AWS Managed Active Directory vs. Self-Hosted AD: Which Solution is Best For Your Company?

Network Security

In this article, we’ll explore what you need to take into account when moving workloads that require a directory service like Active Directory (AD) on Amazon Web Services (AWS). As we’ll see, there are currently two options for deploying Active Directory-dependent workloads on AWS, using AWS Managed Active Directory or self-hosting Active Directory on AWS EC2 instances.

Active Directory is a widely-used directory service that helps to manage the authentication of user and device objects. Workloads migrated to SaaS (Software as a Service) platforms are likely to take advantage of modern directory services such as Azure Active Directory.

However, workloads remaining on IaaS that are directory-aware are likely to still require a traditional directory service such as Active Directory. If you want to use Amazon Web Services to host IaaS (Infrastructure as a Service) workloads, we’ll explain what you need to know about AWS Managed AD and how it differs from a self-hosted AD.

What is AWS Managed Active Directory?

Amazon Web Services provides Active Directory as a managed service for customers using its platform. Once provisioned, at least 2 domain controllers are provisioned into your Virtual Private Cloud (VPC) network. Directory-aware applications are then able to join this domain and use AD features as they normally would.

A service built on actual Active Directory

AWS Managed Active Directory is underpinned by Windows Server 2012 R2 servers, which although now several versions behind and due to reach end-of-life in October 2023, include the bulk of new AD features used in a modern enterprise (group managed service accounts and Kerberos constrained delegation for example). One would assume Amazon will upgrade the underlying operating systems that support the managed AD service well ahead of the end of life date.

Availability of the Active Directory service is managed by AWS, which means all software updates, replication, and recovery processes are managed.

For IT pros, the same Active Directory management tools are available using the Remote Service Administration Toolkit (RSAT). This allows the familiar management of users and groups, site and services, and Group Policy expected by administrators.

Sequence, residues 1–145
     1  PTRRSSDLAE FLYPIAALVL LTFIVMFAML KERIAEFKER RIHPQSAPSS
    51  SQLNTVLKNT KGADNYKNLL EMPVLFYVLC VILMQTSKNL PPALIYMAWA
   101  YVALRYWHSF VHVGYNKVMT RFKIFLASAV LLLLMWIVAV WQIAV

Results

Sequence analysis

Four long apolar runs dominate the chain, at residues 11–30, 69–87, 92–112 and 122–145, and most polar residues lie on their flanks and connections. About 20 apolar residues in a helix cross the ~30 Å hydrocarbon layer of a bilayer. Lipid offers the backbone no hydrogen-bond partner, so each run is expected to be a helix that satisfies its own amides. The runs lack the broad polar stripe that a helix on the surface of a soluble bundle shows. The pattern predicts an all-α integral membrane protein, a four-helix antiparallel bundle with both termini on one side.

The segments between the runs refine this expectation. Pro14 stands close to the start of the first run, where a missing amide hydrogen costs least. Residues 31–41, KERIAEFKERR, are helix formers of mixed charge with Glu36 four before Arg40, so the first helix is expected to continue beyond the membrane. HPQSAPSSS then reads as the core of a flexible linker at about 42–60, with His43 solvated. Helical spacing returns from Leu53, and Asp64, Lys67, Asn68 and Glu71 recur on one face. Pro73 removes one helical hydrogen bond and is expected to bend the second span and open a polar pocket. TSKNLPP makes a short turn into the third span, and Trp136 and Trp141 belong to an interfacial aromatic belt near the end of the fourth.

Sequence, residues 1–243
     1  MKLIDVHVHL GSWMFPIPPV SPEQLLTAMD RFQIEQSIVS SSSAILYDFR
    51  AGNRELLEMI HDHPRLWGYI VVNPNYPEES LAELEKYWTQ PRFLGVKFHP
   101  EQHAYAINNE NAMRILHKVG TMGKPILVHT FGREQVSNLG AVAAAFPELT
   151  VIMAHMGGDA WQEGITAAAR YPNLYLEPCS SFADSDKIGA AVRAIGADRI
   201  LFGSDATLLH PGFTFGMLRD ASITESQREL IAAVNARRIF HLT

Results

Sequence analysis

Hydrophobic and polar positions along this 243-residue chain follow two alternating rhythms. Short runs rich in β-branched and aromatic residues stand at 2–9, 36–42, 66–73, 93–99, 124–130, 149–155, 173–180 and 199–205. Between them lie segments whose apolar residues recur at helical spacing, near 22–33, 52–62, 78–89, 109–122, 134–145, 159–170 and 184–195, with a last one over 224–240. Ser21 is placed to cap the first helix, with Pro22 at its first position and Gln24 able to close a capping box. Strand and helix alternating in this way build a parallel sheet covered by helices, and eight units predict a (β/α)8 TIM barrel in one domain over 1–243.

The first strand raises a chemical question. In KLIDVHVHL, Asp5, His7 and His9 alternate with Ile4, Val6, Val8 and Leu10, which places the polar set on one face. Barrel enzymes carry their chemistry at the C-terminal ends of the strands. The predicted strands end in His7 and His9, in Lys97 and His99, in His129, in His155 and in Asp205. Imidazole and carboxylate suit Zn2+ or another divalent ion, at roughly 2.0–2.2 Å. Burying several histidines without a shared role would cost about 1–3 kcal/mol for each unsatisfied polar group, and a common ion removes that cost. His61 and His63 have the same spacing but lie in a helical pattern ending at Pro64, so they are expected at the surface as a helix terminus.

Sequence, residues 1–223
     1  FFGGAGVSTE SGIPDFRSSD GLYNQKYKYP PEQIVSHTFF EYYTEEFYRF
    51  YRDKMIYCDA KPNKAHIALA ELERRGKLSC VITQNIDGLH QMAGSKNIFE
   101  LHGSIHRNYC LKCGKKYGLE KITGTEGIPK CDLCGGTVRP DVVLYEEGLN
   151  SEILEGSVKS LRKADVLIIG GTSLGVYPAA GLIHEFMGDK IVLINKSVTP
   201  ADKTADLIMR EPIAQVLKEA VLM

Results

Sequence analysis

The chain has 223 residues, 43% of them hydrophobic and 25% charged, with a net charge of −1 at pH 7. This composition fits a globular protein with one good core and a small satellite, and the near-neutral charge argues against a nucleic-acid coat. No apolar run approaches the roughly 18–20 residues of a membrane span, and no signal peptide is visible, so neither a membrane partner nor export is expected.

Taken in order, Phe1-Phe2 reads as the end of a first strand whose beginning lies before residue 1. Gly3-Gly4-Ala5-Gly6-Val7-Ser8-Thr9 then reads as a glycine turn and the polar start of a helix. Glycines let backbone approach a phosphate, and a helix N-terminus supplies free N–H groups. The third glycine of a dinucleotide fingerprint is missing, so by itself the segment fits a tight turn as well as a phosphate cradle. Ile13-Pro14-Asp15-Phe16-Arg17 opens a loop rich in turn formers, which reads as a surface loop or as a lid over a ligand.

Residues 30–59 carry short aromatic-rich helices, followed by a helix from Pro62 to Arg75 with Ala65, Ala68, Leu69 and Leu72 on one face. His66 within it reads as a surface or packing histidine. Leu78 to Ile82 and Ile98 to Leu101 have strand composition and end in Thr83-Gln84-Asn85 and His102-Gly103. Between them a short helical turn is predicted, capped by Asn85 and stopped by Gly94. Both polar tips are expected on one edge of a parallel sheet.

While you can’t combine an existing on-premises Active Directory and an AWS Managed AD into the same domain, you’re to create trusts between the two to extend your on-premise directory services into the AWS cloud.

AWS Managed Active Directory lets you migrate AD-dependent applications and Windows workloads to AWS.
AWS Managed Active Directory lets you migrate AD-dependent applications and Windows workloads to AWS. (Source:

AWS Managed Active Directory editions and pricing

The service is available in two versions, Standard and Enterprise. The main difference between the two versions is the number of directory objects that can be managed: 30,000 and 500,000, respectively.

Pricing is all-inclusive, negating the need to license Windows Server and CAL licenses as it would normally be required:

  • The Standard version costs $0.132 per hour (~$98.21 per month), and it includes 2 domain controllers in different availability zones. Additional domain controllers can be added to the managed service for $0.066 per hour / per domain controller.
  • The Enterprise version costs $0.428 per hour ($318.43 per month) and $0.214 per additional domain controller / per month.

Self-Hosted AD

To migrate AD-dependent workloads on AWS, the more traditional approach is to provision domain controllers onto customer-managed EC2 instances, which are managed just like on-premises domain controllers.

The benefits of hosting DCs on EC2 instances

This approach has the benefit of extending your existing Active Directory infrastructure by adding additional domain controllers into an existing domain, rather than having to create a trust to what is a separate domain provided by AWS Managed AD. This approach will benefit organizations that are maintaining a hybrid infrastructure, with some directory-aware workloads running in the AWS cloud and the rest remaining on-premises.

It is not possible to add on-premises domain controllers to an AWS Managed AD. To avoid the complexity of AD trusts and to prevent directory-aware workloads from having to authenticate over a WAN connection to AWS, it is optimal to extend the existing domain.

Costs of a self-hosting AD

Of course, hosting domain controllers in AWS has consumption costs as well. The costs of providing two EC2 instances to host Windows Active Directory will be ~$270.64 per month (with a t3a.xlarge VM size). In addition, these EC2 instances will still carry the same operational overhead as traditional domain controllers (patching, replication monitoring, and so on).


To conclude, AWS Managed AD provides a viable alternative to extending an existing on-premises domain in the AWS cloud. It is cost-effective in comparison to extending an existing domain onto EC2 IaaS instances. However, it won’t be the perfect solution for all organizations.

Before reviewing whether AWS Managed AD is right for your company, you should find the answer to the following questions:

  • Will my application workloads continue to work in a domain trust model?
  • Do I want more control over my Active Directory infrastructure than what a managed service will offer?
  • Will I continue to operate a hybrid infrastructure with directory-aware workloads in both the cloud and on-premises resources?